- Special Sections
- Public Notices
COMMERCE CITY — After taking their troubles with local police and city officials to social media and their customers, the owners of the 88 Drive-In planned to go before City Council this week (after press deadline) to outline their complaints.
Susan Kochevar, owner of the 88 Drive-In, announced last week she would be delivering more than 5,300 petition signatures gathered via the Care2.com website imploring Commerce City police and city staff to “back down on its threats.”
The ‘threats” Kochevar alluded to related to a July 14 letter she received by Commerce City Chief of Police Troy Smith, which outlined a number of traffic concerns law enforcement and public safety officials have had concerning the drive-in theater, which experiences its highest levels of attendance during the summer movie season.
“The manner in which the Drive-In currently admits vehicles onto its property causes significant traffic congestion,” reads the letter from Chief Smith to Kochevar, further noting that the city is concerned with:
• Vehicles blocking the fire station entrance nearby and stopping on the railroad crossing;
• Aggressive driving by motorists seeking to get around the backup of cars waiting to enter the drive-in property;
• Motorists routinely blocking driveways and stopping along the street where parking is prohibited.
“The congestion created by Drive-In patrons leaves no room for emergency vehicles to get through ... this state of affairs places your customers, neighbors, and all those who visit or reside in the City in a potentially dangerous position,” Chief Smith wrote in his letter.
The city has taken to reposting the “No Left Turn” signs and directing drive-in traffic to State Highway 2 for access from northbound Rosemary Street, and Smith’s letter also warned that the business could be cited for obstruction of public ways if the traffic issues persist.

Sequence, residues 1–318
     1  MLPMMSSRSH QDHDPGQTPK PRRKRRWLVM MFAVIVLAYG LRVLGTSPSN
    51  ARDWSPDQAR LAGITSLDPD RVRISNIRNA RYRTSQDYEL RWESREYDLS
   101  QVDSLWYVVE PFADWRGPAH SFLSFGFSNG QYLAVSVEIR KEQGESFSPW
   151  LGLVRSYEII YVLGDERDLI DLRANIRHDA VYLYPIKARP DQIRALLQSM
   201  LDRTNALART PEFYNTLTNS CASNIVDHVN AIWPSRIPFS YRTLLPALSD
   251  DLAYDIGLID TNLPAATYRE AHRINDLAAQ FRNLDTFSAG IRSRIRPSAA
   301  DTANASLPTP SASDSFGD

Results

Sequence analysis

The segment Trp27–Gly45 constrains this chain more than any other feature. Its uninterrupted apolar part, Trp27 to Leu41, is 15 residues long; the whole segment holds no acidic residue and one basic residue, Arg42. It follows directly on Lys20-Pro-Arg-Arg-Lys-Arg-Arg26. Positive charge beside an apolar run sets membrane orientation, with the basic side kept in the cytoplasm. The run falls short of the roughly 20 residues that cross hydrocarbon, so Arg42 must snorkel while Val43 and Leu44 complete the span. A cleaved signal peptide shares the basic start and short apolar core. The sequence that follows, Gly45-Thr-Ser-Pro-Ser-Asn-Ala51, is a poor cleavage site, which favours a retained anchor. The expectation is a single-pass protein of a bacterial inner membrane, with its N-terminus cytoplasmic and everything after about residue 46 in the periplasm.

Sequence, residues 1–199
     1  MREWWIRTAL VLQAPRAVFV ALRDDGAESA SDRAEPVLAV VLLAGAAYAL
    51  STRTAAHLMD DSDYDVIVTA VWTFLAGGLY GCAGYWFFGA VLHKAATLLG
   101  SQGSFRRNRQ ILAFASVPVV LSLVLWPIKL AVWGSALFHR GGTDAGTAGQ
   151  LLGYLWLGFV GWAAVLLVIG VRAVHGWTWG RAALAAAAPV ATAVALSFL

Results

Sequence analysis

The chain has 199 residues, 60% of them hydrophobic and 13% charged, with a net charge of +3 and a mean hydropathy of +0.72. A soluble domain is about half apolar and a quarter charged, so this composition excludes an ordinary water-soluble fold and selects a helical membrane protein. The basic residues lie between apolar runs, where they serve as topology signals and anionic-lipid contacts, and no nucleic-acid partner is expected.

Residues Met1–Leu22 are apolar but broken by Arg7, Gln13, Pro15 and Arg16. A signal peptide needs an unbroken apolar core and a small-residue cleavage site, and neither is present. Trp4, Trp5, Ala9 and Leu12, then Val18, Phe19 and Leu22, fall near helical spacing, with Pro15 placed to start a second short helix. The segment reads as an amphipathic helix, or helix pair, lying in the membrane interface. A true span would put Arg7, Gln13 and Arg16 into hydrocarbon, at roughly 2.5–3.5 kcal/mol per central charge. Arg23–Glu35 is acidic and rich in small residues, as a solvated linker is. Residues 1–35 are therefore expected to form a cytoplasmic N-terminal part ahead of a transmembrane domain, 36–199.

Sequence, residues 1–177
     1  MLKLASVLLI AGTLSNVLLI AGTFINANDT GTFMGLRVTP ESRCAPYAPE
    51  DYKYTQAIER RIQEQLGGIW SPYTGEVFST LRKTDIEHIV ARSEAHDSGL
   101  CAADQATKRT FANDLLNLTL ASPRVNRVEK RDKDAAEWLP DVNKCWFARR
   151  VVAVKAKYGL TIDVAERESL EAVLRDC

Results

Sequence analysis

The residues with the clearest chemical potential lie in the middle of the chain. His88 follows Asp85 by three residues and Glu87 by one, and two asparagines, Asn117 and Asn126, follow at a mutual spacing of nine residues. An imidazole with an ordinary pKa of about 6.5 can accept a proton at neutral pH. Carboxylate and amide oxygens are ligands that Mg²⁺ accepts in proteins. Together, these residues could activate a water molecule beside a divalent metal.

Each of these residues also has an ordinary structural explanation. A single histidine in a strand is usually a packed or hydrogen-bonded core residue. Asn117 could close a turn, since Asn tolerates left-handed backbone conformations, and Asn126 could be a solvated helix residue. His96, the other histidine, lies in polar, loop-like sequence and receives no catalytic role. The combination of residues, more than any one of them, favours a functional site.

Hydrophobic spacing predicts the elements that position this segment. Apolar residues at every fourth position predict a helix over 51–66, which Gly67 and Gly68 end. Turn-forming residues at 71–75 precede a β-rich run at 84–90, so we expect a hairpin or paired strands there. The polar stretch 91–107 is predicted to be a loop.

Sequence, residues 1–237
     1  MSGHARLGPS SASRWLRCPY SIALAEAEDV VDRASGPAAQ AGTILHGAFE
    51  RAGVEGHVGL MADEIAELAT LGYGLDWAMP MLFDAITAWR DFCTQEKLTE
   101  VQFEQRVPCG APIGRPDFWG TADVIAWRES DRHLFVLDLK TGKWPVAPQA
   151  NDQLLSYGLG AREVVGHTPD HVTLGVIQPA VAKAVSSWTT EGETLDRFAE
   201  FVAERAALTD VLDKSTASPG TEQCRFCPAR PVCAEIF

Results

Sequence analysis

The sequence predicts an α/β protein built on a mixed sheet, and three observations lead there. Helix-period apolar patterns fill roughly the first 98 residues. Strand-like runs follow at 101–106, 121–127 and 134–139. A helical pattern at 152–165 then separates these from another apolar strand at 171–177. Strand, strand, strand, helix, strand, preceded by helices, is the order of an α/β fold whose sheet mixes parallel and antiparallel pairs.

The Kochevars responded to Chief Smith’s letter with a news release that attempted to place the blame of any traffic issues with the city administrators.
“To the extent any ‘dilemma’ exists, it is due to the abject failure of Commerce City to plan appropriately for the traffic at this intersection,” the release read.
Kochevar reiterated her feelings that the city has not done enough in terms of city planning to accommodate the flow of traffic that the theater attracts.
“There used to be over 4,000 drive-ins in the country. Today, there are (fewer) than 400. Apparently, Commerce City would like one less. ... We have served this community for 40 years on this exact spot,” Kochevar said. “It makes no sense for this to become an immediate issue when the city has had four decades to plan for it.”
Numerous signers of the petition expressed their concern for the future of the 88 Drive-In, both in the face of potential citations and its financial well-being in general.
“The 88 Drive In Theater is the last remaining drive-in theater in the Denver metro area and ... is one of the only venues in the Denver metro area that many low-income families and single parents can afford to attend and enjoy a night out, away from the cares of the world, with their families,” wrote Anthony Hernandez on the Care2.com site. “The theater is also facing another imminent threat, the end of 35mm film distribution ... Commerce City should not be allowing its police chief to put an end to such an important landmark, nor should they be burdening the said landmark with yet more costly problems.”